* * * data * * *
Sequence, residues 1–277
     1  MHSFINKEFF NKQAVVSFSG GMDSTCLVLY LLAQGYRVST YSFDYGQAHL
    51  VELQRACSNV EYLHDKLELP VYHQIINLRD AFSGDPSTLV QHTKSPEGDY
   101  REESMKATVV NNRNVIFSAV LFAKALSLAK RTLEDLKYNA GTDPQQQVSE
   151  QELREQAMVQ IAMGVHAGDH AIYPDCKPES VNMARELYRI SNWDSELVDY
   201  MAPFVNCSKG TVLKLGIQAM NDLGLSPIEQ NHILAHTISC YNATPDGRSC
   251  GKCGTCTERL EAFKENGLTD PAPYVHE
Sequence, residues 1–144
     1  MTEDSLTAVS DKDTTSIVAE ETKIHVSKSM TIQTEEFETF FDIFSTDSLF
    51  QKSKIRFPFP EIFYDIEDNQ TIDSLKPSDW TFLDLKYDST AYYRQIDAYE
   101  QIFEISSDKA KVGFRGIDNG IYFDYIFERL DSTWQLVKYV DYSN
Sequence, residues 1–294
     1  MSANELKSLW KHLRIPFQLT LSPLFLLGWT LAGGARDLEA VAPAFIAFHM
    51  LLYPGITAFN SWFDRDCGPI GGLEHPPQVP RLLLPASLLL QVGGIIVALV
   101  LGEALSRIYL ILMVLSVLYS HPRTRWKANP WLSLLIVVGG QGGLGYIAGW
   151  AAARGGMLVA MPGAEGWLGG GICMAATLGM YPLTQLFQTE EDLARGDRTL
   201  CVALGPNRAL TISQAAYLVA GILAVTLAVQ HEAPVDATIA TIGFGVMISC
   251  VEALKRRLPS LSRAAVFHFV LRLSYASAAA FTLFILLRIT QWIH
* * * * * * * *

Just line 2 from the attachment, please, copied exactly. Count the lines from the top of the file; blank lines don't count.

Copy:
     1  MHSFINKEFF NKQAVVSFSG GMDSTCLVLY LLAQGYRVST YSFDYGQAHL